1987: Edward Earl Johnson, “I guess nobody is going to call”

9 comments May 20th, 2010 Headsman

On this date in 1987, murmuring “I guess nobody is going to call,”* Edward Earl Johnson was gassed for capital murder in Mississippi’s Parchman Farm prison.

Don Cabana, the prison warden who oversaw Johnson’s gassing, eventually resigned over his misgivings about carrying out executions and wrote this book about it.

Johnson was convicted of raping a white woman and killing the policeman who answered her distress call. These are no-nos for a young person of color in the South.

Johnson fought his execution for eight years on death row, insisting on his innocence even on his last walk to the gas chamber.

And the case against him looks pretty thin — supported, as these things so often are, mostly by a highly suspect confession Johnson miraculously coughed up when he was out on a drive with John Law. (This led the victim, who knew Johnson and had excluded him as the attacker, to decide he did it after all.)

Needless to say, Johnson’s state-appointed public defender was unable to make the most of these gaping lacunae in the state’s case.

Years later, the prison warden Don Cabana — who was on this date overseeing his very first execution, and was deeply shaken by it — recalled his charge’s fearful situation in testimony to the Minnesota legislature:

He insisted to the very end, somewhat oddly, that he did not commit the crime … my experience with condemned prisoners was always that once strapped to the chair, they came around somehow with something, if only something simple as “Tell the victim’s family I’m sorry,” “Tell my mother I’m sorry,” something that indicated something bad had happened, I was there and I was part of it.

But not so with this young man. When I performed my ritualistic function of asking if he had a final public statement, this young man looked me in the eye with tears streaming down his cheeks, and he said: “Warden, you’re about to become a murderer. I did not kill that policeman, and dear God, I can’t make anyone believe me.”

This is a musty old case by now, but with the growing awareness of false confessions as a contributing factor in wrongful convictions, it may soon come in for a long-overdue re-examination.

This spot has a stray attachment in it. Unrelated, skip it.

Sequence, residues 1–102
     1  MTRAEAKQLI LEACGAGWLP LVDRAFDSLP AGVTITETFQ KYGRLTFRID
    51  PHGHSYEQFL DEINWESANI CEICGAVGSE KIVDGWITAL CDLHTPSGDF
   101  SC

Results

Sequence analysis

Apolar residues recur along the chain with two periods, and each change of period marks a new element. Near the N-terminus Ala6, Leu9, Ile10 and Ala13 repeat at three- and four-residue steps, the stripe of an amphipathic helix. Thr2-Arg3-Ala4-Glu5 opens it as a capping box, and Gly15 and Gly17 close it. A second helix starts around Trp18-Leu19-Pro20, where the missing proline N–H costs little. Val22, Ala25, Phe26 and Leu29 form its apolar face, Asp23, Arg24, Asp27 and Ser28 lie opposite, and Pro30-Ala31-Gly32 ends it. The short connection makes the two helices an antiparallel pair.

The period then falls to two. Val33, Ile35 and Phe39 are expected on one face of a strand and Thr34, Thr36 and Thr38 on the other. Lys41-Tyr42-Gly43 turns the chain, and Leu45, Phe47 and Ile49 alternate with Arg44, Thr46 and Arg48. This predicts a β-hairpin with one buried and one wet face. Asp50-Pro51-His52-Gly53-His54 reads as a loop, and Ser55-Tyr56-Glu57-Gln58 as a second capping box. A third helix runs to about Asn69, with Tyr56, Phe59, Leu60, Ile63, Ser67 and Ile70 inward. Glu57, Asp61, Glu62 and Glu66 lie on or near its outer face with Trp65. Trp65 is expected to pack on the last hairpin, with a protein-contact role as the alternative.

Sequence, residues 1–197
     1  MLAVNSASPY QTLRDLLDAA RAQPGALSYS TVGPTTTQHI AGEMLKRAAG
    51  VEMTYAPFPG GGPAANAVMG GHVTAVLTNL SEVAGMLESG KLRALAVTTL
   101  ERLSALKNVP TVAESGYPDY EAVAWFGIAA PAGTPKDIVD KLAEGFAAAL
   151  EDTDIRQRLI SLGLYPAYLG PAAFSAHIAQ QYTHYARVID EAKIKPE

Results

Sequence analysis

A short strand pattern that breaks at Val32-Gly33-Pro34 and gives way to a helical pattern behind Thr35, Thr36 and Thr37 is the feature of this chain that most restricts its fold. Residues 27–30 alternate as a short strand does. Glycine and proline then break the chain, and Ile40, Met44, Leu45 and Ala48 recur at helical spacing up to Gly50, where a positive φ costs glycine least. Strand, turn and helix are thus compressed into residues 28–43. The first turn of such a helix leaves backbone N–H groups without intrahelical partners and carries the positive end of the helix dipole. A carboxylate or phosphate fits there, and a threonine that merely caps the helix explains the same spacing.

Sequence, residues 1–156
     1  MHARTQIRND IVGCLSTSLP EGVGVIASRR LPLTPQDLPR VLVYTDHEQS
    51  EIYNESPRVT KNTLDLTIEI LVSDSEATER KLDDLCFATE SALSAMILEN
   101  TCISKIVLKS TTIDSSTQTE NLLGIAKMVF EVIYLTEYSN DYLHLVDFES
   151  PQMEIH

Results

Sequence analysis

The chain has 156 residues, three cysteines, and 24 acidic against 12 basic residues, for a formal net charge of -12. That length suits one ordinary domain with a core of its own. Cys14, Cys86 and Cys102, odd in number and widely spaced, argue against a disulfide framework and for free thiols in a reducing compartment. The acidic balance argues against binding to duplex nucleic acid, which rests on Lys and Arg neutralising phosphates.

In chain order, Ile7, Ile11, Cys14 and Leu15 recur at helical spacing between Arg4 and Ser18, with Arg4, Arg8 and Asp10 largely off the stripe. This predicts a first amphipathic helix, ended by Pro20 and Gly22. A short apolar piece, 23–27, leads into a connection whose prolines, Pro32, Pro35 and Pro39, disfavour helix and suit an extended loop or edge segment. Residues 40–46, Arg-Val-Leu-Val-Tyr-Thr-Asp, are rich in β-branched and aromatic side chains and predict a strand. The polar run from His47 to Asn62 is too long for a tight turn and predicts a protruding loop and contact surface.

Johnson, unfortunately, does not have any prospect of an a-ha forensic science win. However, as with Cameron Todd Willingham‘s case, there’s simply no balance of evidence that should point a fair-minded present-day observer to a conviction beyond reasonable doubt, and a good deal that points to an affirmative conclusion of innocence.

As the (admittedly partisan) Wrongful Conviction: International Perspectives on Miscarriages of Justice sums up,

[t]he murder weapon was never connected to Johnson; indeed, no physical evidence linked Johnson to the crime. The case against Johnson is weakened by his claim of inadequate counsel, his immediate recantation of his confession, and his claim that his confession was produced under threat of death. Also, after Johnson’s execution, a young woman came forward claiming to have been with Johnson on the night of the murder, and claiming also that she had come forward during the investigation but was rebuffed by police.

Edward Earl Johnson is the subject of the riveting BBC documentary Fourteen Days in May.

* Quoted in the New York Times, May 21, 1987.

Also on this date

Entry Filed under: 20th Century,Capital Punishment,Common Criminals,Crime,Death Penalty,Disfavored Minorities,Execution,Gassed,Mississippi,Murder,Racial and Ethnic Minorities,USA

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